1 Be someone else
Level Elementary +
Time 5–20 minutes
Aims To give students the chance to ask and answer basic personal questions.
No preparation is needed for this activity. It does however require a certain level of trust between the teacher and the students, so it is advisable to try this activity with a class you know well.
1 Ask a student to come to the front of the class. Tell him/her you are going to ask four questions and you want them answered truthfully. Then ask the following simple questions:
What’s your name? Anna
What nationality are you? Italian.
Where do you live? Rome.
What do you do? I’m a student.
2 Now tell ‘Agnieszka’ that you want her to be someone else. Ask the same four questions and ask her to change the answers to all of them. Don’t give her any time to prepare for this.
What’s your name? Monica.
What nationality are you? Irish.
Where do you live? Dublin.
What do you do? I’m a nurse.
3 Now as the rest of the class to ask ‘Monica’ about her life. Tell them to be careful and not ask questions which are too personal. At this point, you can sit down and be part of the class.
4 There is no rule about how long this questioning should go on – some students think of amazing questions and answers. However, when the questioning starts to slow down, ask ‘Monica’ to invite another student to the front of the class and continue the procedure. ‘Monica’ becomes the teacher. She asks the four questions, twice, then she sits down and the questioning begins again.
5 This process can go on for as long or short a time as you think fit. It is worth noting that your role in this activity is minimal, and the focus of the class changes completely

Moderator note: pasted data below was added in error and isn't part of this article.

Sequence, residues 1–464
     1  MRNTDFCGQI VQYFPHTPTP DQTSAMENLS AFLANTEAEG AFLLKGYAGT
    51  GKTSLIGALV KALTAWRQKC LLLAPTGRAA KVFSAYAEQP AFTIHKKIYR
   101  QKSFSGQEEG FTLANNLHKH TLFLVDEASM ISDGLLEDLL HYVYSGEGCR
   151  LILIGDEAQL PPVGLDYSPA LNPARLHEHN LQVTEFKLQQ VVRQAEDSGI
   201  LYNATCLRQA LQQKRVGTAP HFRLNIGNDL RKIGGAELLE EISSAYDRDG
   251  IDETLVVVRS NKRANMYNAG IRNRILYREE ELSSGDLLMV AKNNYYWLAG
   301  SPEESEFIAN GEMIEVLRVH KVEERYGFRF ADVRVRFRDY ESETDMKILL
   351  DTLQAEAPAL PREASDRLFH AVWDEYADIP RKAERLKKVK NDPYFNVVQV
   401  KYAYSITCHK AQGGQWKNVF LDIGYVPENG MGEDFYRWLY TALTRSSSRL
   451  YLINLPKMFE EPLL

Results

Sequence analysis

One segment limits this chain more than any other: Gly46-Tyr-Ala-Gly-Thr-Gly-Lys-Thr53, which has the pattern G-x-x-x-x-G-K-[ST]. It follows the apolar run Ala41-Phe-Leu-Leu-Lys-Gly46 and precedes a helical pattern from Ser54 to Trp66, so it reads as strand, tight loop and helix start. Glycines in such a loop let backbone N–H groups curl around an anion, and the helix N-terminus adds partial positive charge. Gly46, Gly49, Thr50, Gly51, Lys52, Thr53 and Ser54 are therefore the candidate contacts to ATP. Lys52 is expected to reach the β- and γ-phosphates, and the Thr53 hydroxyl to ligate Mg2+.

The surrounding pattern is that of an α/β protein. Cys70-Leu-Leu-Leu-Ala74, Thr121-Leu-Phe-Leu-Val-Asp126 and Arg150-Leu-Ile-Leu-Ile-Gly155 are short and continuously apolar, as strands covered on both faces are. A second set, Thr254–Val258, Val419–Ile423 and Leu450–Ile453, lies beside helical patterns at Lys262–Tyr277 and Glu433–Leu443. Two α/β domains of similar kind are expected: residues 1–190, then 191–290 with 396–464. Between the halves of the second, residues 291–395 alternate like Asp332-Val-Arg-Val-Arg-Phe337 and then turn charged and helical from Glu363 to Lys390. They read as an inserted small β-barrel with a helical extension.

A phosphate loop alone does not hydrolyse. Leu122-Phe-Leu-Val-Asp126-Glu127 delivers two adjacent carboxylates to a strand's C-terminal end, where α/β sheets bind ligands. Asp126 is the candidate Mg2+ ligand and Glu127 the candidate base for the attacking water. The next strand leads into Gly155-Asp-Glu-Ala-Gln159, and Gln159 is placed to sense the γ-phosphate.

Written homework. Tell the class to choose one of the characters that they heard about, and write a description of what happened. If the class can use reported speech, then encourage them to do it as a report:
We talked to a nurse from Ireland called Monica. She told us that she enjoyed nursing …
If they don’t know how to write reported speech sentences, encourage them to write it as a dialogue.
Tomas: Do you like nursing?
Natalia: How long have you been a nurse?
Monica: A year.
1 This activity is self-regulating. See the note about Self-regulating improvisationsin the introduction.
2 Use the same four questions, regardless of the level of the class and regardless of whether the class is monolingual or multilingual and/or multi-nationality. And always ask them to give the real answers first. Of course, the answers to questions 2–4 will be almost identical in a monolingual class living in the same town; this does not matter. Giving the real answers gets the students into the rhythm of the activity and gives them a little thinking time.
3 Do not accept answers to the second set of questions if the students want to be a real person, a pop star or sportsperson, for example. We don’t want questions to Britney Spears or Lewis Hamilton!
4 When a female student is answering the questions about her new self, there is a tendency for the rest of the class to ask if she is married, or in a relationship. There is nothing wrong with that, but the questioning is then sometimes directed entirely towards the partner and what he does. Try to encourage the questioning to be about the student’s new persona, and not other people.
5 Do not worry that you are not giving the students enough preparation time; they will not need it. Even in cultures which are less immediately extrovert, students never fail to come up with a new identity and enter into the spirit of the activity.
2 Actions and locations: where are you and what are you doing?
Aims To practise the present continuous tense and phone language.
You need two old mobile phones and two cardboard boxes, or similar containers. Mark the boxes ‘A’ for ‘Actions’, and ‘L’ for ‘Locations’. The students need a pen and two pieces of paper.
1 Ask the class to write a location on a piece of paper. What you want is a prepositional phrase. Write on the tableon the board as an example. Encourage them to use different prepositions that they know: in, under,near, opposite, behind, nextto, etc. Ask the class to fold the papers and put them in a cardboard box, marked ‘L’ (Locations).